Is Full Mouth Restoration For Me?
Reconstructive dental surgery is necessary for many people. Although that can be a frightening thought, it is important to have the elements of a healthy mouth. In this article, we will discuss why that’s important, and if you are a candidate for reconstructive dental surgery from a dentist east fishkill.
What Makes a Healthy Mouth?
Aside from strong, healthy teeth, the human mouth comprises many tissues, both soft and hard. Soft tissues include the gums, tongue, inner cheeks, and lips. Hard tissues include the teeth and jawbone. There are also connective tissues that hold the various structures of the mouth together, as well as nerves and blood vessels. The relationship between the upper and lower teeth and their relationship with the jaw joints are referred to as occlusion or the bite. The healthy functioning of the human mouth depends on all of these systems working together in harmony. When all components do not work together in balance, oral health becomes compromised.
What is Reconstructive Dentistry?
Reconstructive dentistry refers to the set of procedures designed to replace missing teeth, the repair of damaged teeth, the correction of improperly seated jaw joints and faulty bites. Reconstructive dentistry address jawbone and gum damage, replaces worn-out dental work, and, in some cases, treats diseases of the mouth. Each of these reconstructive procedures may be performed independently, but when multiple oral health problems exist, full mouth reconstruction may be advised. Also known as full mouth restoration, full mouth reconstruction can include any combination of the following:
- Restorative dental treatments: dental crowns, bridges, fillings, inlays, and onlays.
Implant dentistry: dental implants to replace missing teeth, replicating them from root to crown.
- Cosmetic dentistry: porcelain veneers, teeth whitening, dental bonding, and gum re-contouring.
- Neuromuscular dentistry/TMD treatment: correction of problems involving the temporomandibular joints (TMJs) and the bite.
- Bruxism treatments: therapy to resolve teeth grinding and associated symptoms.
- Orthodontics: Invisalign, traditional metal braces, spacers, expanders, and retainers.
- Oral surgery: root canal therapy, soft and hard tissue grafting, and tooth extractions.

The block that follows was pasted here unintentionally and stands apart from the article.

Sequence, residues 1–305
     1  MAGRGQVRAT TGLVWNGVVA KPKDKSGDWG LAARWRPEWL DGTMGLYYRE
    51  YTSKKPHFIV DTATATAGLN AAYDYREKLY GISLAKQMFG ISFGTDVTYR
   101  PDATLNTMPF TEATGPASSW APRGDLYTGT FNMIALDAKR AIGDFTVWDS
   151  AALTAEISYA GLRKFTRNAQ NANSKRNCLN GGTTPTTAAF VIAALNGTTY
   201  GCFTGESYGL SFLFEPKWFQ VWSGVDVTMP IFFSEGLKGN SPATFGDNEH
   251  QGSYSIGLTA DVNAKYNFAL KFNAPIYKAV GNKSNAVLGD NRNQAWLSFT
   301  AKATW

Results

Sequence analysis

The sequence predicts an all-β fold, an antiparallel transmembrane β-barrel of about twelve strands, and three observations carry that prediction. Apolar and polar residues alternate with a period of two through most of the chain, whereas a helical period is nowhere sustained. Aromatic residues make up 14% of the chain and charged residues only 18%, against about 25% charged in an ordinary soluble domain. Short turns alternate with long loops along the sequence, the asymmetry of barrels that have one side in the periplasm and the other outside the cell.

- Periodontal treatments: scaling, root planing, and periodontal surgery.
If you are in need of any, or a combination of, the above treatments, it is necessary to call a dentist and begin treatment immediately.
Am I a Candidate for Reconstructive Dentistry?
If you believe you need any of the above treatments listed above, it is pretty likely that you are a viable candidate for reconstructive dentistry. A patient who has multiple oral health problems affecting most or all of the teeth and supporting tissues in the mouth will almost certainly be a good candidate for full mouth reconstruction. Patients who require more extensive oral surgery procedures should be healthy enough to receive local or general anesthesia. Special needs patients will want to seek out a dentist experienced in handling cases similar to theirs.
Potential Concerns of Full Mouth Reconstruction
Younger patients tend to respond more readily to treatments and recover quickly, although this is not always the case. In general, the older the patient, the more risk is involved with any medical or dental procedure. Because of this, treatment plans for older patients may involve less invasive procedures. For instance, patients over 80 years of age may fare better with mini dental implants than traditional dental implants. In addition, patients with heart problems and those with certain autoimmune diseases may require special considerations before full mouth reconstruction. Be sure to provide your dentist with a complete and thorough health history, as well as a current list of medications you’re taking, during your initial consultation. Patients who cannot or will not maintain good oral health, and those who take illegal drugs, may not experience lasting results from dental treatments. Smoking and heavy alcohol consumption can also compromise oral health and the effects of full mouth reconstruction.
How Expensive is Reconstructive Dentistry?
The expense of reconstructive dentistry will vary on the level of work that is actually needed. Cases that involve multiple oral health problems can be addressed through an appropriate combination of dental procedures. The cost of full mouth reconstruction can, therefore, vary widely from patient to patient. Many treatments of reconstructive dentistry are also covered by dental insurance providers, so be sure to discuss any financial concerns with your dentist.
If you feel you’re ready, our qualified staff is available to answer any further questions you may have. Here’s to a healthy mouth!